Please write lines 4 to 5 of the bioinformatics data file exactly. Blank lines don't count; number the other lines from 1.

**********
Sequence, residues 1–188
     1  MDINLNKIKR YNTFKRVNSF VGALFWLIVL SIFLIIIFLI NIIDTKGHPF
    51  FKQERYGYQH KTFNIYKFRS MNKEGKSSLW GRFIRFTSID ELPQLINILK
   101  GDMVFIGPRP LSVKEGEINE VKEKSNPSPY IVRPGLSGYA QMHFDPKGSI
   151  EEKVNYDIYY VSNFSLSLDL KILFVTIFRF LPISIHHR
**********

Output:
   101  GDMVFIGPRP LSVKEGEINE VKEKSNPSPY IVRPGLSGYA QMHFDPKGSI
   151  EEKVNYDIYY VSNFSLSLDL KILFVTIFRF LPISIHHR